Having recently watched the "Grandmaster" in theaters, it really got my juices flowing for the martial arts genre. Here are a few must see from recent years.
The Bruce Lee Ultimate Trilogy has 3 of Bruce Lee's films "Big Boss," "Way of the Dragon" and "Game of Death." What can I say that hasn't already been said about Bruce. All I can say is, must see!
IP Man: The legendary grand master of Wing Chun and master to Bruce Lee, comes a very good movie about some misfortunes in IP Man's life and how one man stood up against a nation. Based on a true story.
If you're looking for those hidden gems from around the world, I've found a few that might just be what you been looking for. Creatively filmed, very unique stories, Brilliant actors, suspense, humor and films that have won awards in other countries. Check out the trailers at the bottom of the page.
Bronson: A very creatively, brilliant way to film one of the most violent, famous prisoner in Britain. Combines art, Humor, action and a very unique way of getting famous.
Departures: One man's misfortune leads to an unexpected taboo career in Japan. The music composed for this film is amazing, the story itself is very inspiring and uplifting. A must see.
There's no better way to ease into the new school year than with a pop quiz. For every tagline below, guess the corresponding movie title. No pencil or paper needed for this challenge but please, do keep your eyes on your own screen.
To get started, click the link for the title and place a hold for those you haven't seen or wish to view again for extra credit. (The Library doesn't give extra credit but it sure sounds motivating.)
Hint: all movies feature middle school or high school angst without one John Hughes film in the mix.
Join us this week for the final installment of our Steampunk Film Series: Guy Ritchie's action-packed 2009 blockbuster, Sherlock Holmes.
Tuesday, June 25, 6:30-9 p.m.
Central Library, Level B2 Conference Center
This brash, steampunk-flavored adventure features a fresh take on Sir Arthur Conan Doyle's characters, fight choreography based on a real Victorian system of martial arts, and strong performances between stars Robert Downey, Jr. as Holmes and Jude Law as Watson.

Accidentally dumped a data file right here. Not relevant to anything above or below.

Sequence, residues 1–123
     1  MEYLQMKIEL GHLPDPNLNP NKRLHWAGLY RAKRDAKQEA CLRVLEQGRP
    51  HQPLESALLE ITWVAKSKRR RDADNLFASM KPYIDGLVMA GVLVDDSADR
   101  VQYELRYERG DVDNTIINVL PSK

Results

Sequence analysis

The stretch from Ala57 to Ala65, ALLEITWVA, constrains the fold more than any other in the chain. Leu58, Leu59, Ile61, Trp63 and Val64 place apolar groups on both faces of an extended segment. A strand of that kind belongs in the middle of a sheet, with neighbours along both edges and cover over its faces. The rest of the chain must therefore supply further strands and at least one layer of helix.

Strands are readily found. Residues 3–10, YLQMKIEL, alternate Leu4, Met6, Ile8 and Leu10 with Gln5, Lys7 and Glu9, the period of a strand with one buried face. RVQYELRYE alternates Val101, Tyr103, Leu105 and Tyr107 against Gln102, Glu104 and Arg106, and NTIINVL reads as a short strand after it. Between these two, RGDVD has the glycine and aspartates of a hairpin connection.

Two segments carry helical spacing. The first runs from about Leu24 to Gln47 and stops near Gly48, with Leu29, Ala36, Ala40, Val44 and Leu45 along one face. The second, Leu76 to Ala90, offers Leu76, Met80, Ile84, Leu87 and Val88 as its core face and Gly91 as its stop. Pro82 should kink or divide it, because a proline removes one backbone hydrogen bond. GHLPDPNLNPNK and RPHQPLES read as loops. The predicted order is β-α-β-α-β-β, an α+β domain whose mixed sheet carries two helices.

With, Serenity (2005) -- the third installment of DPL's Steampunk Film Series -- Joss Whedon takes us 500 years into the future where the overpopulation of Earth has scattered humans across the universe. The crew of the spaceship Serenity must evade the totalitarian government and the assassin dispatched to hunt them down.
Whether you are a longtime fan of Joss Whedon, or are new to his work, Serenity is an action-packed film with elements from the Western, Science Fiction and Steampunk genres. It is also one of the few movies that I can think of that was developed after the TV show it was based on, Firefly, was canceled.
With The Prestige (2006) -- the second installment of DPL's Steampunk Film Series -- Christopher Nolan paints a vibrant portrait of magic and science in the Victorian era that brims with historical detail while remaining thoroughly modern in its tone and themes. It's a complex and visually striking film that begs to be viewed on the big screen.
Adapted from Christopher Priest's 1995 novel of the same name, The Prestige features the kind of multi-layered, time-shifting narrative that has become a Nolan signature. At its heart is the epic rivalry between two stage magicians, Borden (Christian Bale) and Angier (Hugh Jackman), that subtly echoes the real life power struggle between scientific wizards Thomas Edison and Nikola Tesla. In the figure of Tesla -- played by an otherworldly David Bowie -- the fragile boundaries between science and magic collapse.
The warning "Never work with children or animals," is attributed to W.C. Fields, who was known to lace Baby LeRoy's bottle with gin to get him to stop crying on the set. Below are some films that feature animal actors who upstage their two-legged co-stars.
Although he never protested that he was young and he needed the money, one of the earliest animal stars, Rin Tin Tin, started out his acting career playing wolves. His movies eventually became so popular that he is credited with saving Warner Brothers, and he eventually earned his own paw print on the Hollywood Walk of Fame.
My favorite herald of summer, the lineup announcement for Film on the Rocks, happened this morning!
It is a uniquely Colorado experience to be nestled in the breathtaking alcove of Red Rocks, watching the sun set over Denver, while reveling in a warm Summer evening and anticipating a beloved film. Each event is full of music, film and camaraderie. I have fond memories of seeing Saving Private Ryan and The Big Lebowski in years past.
Welcome, welcome, welcome ladies and gentlemen to the weird and wonderful world of steampunk. What is steampunk you ask? Why, it is many things, but let's call it an aesthetic sensibility. Gears, corsets, dirigibles, and don't forget your goggles. There is steampunk music, fashion, art, and of course books!
Steampunk has its roots in the scientific romances of the mid-19th century but really took flight (steam powered of course!) in the 1980s and most recently in the aught-aughts. A group of writers (Jeter, Blaylock, Powers) working in southern California would meet up at their local watering hole and realized they were all writing similar works, as a joke they called it "Steampunk".
Ah, home sweet home...um, maybe. That urban castle of solace can quickly turn into one of strife if you are plagued by nosey or noisy neighbors.
Mister Rogers' Neighborhood never prepared us for the Griswolds and Mr. & Mrs. Smiths of the world. Now that the weather is improving, you can't rush past your neighbor because it's too cold to chat. So how can you move from avoidance to acceptance and appreciate the neighbors you have?